Must Read: BCBG Announces Store Closures, Donald Trump Isn't a Tom Ford Fan

Plus, how a former "Vogue" staffer helped plan Friday's inauguration events.
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Photo: Instagram/@bcbgmaxazria

Photo: Instagram/@bcbgmaxazria

These are the stories making headlines in fashion on Thursday.

BCBG is closing stores and "restructuring"
BCBG Max Azria Group has announced a plan to restructure the company, which will reportedly involve store closures and a shifted focus to e-commerce, licensing and shop-in-shops. The brand, which at its peak was a celebrity- and cocktail-party-favorite, has "too large a physical retail footprint," said Seth Lubove, a spokesman for BCBG at Sitrick & Co., in an email to Bloomberg. "In order to remain viable, the company — like so many others in its industry — must realign its business to effectively compete in today's shopping environment." {Bloomberg}

Donald Trump's hot take on Tom Ford
In November, the designer revealed that he had declined the opportunity to dress Melania Trump, explaining that "she's not necessarily my image." During an appearance on Fox & Friends on Tuesday, Donald Trump addressed the matter with a few choice words of his own. "[Melania] never asked Tom Ford, doesn't like Tom Ford," said the prolific president-elect. "[She] doesn't like his designs. He was never asked to dress her." Trump also felt the need to note that hotelier Steve Wynn told him he "thought that it was so terrible what Tom Ford said that he threw his clothing out of his Las Vegas hotel." (Racked confirmed that The Wynn did, in fact, stop carrying Tom Ford products at its Las Vegas property.) {The Cut}

Well, that's one way to throw an inauguration...
It was announced back in November that former Vogue special events planner Stephanie Winston Wolkoff had been chosen to help plan Donald Trump's inauguration events. As for what we can expect from a woman who previously worked on Met Galas galore and the (now defunct) VH1/Vogue Fashion Awards? Making things look "gorgeous," and yep — that's about it. "This is not about partisan politics," said Winston Wolkoff in an interview with The New York Times. "It's about being able to celebrate the history of America." {The New York Times}

Bobbi Brown: the new face of indie beauty?
The beauty entrepreneur announced in December that she'd exiting her namesake brand, leaving many to speculate what her next move would be. During a recent Q&A session at the Indie Beauty Expo's Connect Indie event in Los Angeles, Brown proclaimed that she's "again an indie beauty person," hinting that new products may be in the works. "I don't know what products I'm going to come out with," she said. "I don't know what categories I'm going to come out with yet, but I'm really excited about reinventing the way I see a line should be." {WWD}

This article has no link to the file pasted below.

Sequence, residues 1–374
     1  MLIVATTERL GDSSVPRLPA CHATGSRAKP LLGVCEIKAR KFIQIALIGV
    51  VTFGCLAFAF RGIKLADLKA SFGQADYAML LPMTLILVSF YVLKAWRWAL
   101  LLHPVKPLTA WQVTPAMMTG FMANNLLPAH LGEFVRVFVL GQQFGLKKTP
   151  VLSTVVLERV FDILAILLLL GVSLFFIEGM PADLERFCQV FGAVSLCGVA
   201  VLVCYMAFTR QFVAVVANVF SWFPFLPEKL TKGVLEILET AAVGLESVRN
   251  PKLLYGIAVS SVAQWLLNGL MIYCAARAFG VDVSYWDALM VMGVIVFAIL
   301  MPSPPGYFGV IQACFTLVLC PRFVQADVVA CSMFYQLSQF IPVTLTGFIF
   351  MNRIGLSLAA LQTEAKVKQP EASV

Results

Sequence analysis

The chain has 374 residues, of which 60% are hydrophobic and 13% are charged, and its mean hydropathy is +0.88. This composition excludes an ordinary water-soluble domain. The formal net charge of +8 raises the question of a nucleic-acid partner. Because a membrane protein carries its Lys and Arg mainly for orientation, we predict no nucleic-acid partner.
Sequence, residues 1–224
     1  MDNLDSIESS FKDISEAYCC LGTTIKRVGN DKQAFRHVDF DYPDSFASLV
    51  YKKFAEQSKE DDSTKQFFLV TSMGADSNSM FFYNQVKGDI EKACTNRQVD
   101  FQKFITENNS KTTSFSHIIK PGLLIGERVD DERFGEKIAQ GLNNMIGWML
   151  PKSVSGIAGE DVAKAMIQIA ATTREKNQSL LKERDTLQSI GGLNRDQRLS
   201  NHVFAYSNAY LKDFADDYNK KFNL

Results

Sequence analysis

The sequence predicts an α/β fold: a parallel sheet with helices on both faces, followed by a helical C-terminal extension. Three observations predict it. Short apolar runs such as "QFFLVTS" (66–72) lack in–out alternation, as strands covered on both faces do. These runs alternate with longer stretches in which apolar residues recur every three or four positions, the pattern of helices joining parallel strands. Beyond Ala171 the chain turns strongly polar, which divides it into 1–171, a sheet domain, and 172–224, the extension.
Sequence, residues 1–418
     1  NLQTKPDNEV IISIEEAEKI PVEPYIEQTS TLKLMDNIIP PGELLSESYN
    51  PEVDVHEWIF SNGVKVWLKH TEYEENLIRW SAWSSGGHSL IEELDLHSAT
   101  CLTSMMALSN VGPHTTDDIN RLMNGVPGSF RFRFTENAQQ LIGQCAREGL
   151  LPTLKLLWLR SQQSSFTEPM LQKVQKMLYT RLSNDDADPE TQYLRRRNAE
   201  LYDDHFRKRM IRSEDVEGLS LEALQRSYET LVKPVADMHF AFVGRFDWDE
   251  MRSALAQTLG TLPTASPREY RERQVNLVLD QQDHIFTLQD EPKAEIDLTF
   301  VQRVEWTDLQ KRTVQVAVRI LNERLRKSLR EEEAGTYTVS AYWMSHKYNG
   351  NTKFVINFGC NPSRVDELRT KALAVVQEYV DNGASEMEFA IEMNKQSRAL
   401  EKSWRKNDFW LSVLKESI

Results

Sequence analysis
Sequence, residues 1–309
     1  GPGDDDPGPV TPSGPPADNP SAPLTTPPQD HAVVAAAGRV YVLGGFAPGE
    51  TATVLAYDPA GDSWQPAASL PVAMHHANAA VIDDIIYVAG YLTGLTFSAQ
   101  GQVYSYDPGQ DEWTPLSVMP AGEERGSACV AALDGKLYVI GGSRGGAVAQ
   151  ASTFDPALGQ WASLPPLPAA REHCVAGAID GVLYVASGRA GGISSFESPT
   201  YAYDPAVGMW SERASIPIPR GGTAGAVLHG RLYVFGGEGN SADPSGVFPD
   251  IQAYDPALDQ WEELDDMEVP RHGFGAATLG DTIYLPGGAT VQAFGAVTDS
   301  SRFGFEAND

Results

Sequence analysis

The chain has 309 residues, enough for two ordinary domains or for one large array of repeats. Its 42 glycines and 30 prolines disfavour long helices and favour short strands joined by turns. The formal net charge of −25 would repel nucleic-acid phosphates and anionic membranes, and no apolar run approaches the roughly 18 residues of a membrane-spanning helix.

"Nothing is more lethal to cred than a sellout."
By now, you've probably (definitely) caught wind of Louis Vuitton's highly tweeted-about collaboration with streetwear brand Supreme. There's no denying that a partnership of this scale will be a top seller, but considering that the two brands famously feuded back in 2010, it's easy to figure that this new parternship exists for the sake of generating mass hysteria — simply because they can. "Nothing is more lethal to cred than a sellout," wrote The New York Times's Guy Trebay, before likening the collaboration as "the fashion version of a murder-suicide." {The New York Times}

Bangladeshi garment workers are going on strike
The Rana Plaza tragedy that resulted in the deaths of 1,138 garment workers spurred important progress toward increasing the safety conditions in factories, but there's still a long way to go in terms of fair wages. Female workers began going on strike over the holidays amid backlash from factory owners and government officials. The results, however have been mixed: Workers have been losing their jobs and even getting arrested for taking action, but the good news is that fast fashion retailers are taking note. (Gap, H&M and Inditex are among 20 brands that have collaborated on a joint letter to the Prime Minister of Bangladesh, urging their administration to "take steps 'to ensure the protection of the workers' rights.'") {i-D}

R.I.P. Twitter's 'buy' button
E-commerce platform Shopify is ending its click-to-buy integration with Twitter for new and existing merchants this spring, following news that Twitter would phase out product development related to its "buy now" function, which allowed brands to sell products directly within the social media site. Instead, Twitter is now reportedly working on developing ad targeting programs that would help marketers aim ad placement based on previous user browsing activity. {WWD}

Is Vogue Italia ready to name a new EIC?
Sources say the answer might be . According to an anonymous source, Condé Nast is set to name GQ Italia editor-in-chief Emanuele Farneti to the role, most previously held by the late Franca Sozzani. Farneti had previously held positions at Architectural Design. An official announcement could be made as early as this week. {WWD}

Shiseido acquires new shade-matching technology
Shiseido Americas Corp. has purchased California-based MatchCo., a techy beauty start-up that has created software designed to help consumers determine their correct foundation shade. MatchCo.'s technology will no doubt be an asset to Shiseido's skin-focused cosmetics brands, such as Bare Minerals and Laura Mercier. {Fashionista inbox}

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